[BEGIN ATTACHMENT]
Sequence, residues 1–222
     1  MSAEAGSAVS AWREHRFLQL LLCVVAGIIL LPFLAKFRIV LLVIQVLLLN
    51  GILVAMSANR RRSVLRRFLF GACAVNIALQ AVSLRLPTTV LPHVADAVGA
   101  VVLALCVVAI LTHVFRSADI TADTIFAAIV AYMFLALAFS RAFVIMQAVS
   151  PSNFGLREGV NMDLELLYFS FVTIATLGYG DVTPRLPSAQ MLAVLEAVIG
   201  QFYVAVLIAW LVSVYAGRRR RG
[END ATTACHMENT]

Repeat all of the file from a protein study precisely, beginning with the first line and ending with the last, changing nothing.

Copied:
Sequence, residues 1–222
     1  MSAEAGSAVS AWREHRFLQL LLCVVAGIIL LPFLAKFRIV LLVIQVLLLN
    51  GILVAMSANR RRSVLRRFLF GACAVNIALQ AVSLRLPTTV LPHVADAVGA
   101  VVLALCVVAI LTHVFRSADI TADTIFAAIV AYMFLALAFS RAFVIMQAVS
   151  PSNFGLREGV NMDLELLYFS FVTIATLGYG DVTPRLPSAQ MLAVLEAVIG
   201  QFYVAVLIAW LVSVYAGRRR RG